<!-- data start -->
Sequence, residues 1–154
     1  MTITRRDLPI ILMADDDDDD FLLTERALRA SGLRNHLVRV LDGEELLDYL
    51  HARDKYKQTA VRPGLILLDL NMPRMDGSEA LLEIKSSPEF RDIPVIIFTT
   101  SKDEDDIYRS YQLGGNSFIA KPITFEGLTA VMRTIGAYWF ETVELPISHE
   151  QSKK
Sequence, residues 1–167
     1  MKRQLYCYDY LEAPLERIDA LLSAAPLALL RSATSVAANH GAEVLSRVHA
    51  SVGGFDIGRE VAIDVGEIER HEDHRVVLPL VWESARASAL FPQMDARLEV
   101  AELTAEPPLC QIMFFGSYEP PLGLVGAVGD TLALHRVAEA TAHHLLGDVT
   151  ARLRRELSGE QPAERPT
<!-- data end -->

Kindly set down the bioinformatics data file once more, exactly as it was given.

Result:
Sequence, residues 1–154
     1  MTITRRDLPI ILMADDDDDD FLLTERALRA SGLRNHLVRV LDGEELLDYL
    51  HARDKYKQTA VRPGLILLDL NMPRMDGSEA LLEIKSSPEF RDIPVIIFTT
   101  SKDEDDIYRS YQLGGNSFIA KPITFEGLTA VMRTIGAYWF ETVELPISHE
   151  QSKK
Sequence, residues 1–167
     1  MKRQLYCYDY LEAPLERIDA LLSAAPLALL RSATSVAANH GAEVLSRVHA
    51  SVGGFDIGRE VAIDVGEIER HEDHRVVLPL VWESARASAL FPQMDARLEV
   101  AELTAEPPLC QIMFFGSYEP PLGLVGAVGD TLALHRVAEA TAHHLLGDVT
   151  ARLRRELSGE QPAERPT